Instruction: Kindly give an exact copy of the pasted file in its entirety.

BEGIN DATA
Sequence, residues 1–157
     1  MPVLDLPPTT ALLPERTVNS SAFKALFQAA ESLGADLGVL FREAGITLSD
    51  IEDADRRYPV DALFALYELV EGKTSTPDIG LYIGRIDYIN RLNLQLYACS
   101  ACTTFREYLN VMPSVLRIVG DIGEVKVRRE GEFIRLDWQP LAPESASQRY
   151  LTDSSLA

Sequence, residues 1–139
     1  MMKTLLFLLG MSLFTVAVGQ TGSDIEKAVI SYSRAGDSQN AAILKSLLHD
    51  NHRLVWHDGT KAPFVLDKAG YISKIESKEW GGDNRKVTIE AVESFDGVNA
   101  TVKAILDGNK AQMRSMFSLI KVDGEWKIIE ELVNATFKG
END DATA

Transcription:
Sequence, residues 1–157
     1  MPVLDLPPTT ALLPERTVNS SAFKALFQAA ESLGADLGVL FREAGITLSD
    51  IEDADRRYPV DALFALYELV EGKTSTPDIG LYIGRIDYIN RLNLQLYACS
   101  ACTTFREYLN VMPSVLRIVG DIGEVKVRRE GEFIRLDWQP LAPESASQRY
   151  LTDSSLA

Sequence, residues 1–139
     1  MMKTLLFLLG MSLFTVAVGQ TGSDIEKAVI SYSRAGDSQN AAILKSLLHD
    51  NHRLVWHDGT KAPFVLDKAG YISKIESKEW GGDNRKVTIE AVESFDGVNA
   101  TVKAILDGNK AQMRSMFSLI KVDGEWKIIE ELVNATFKG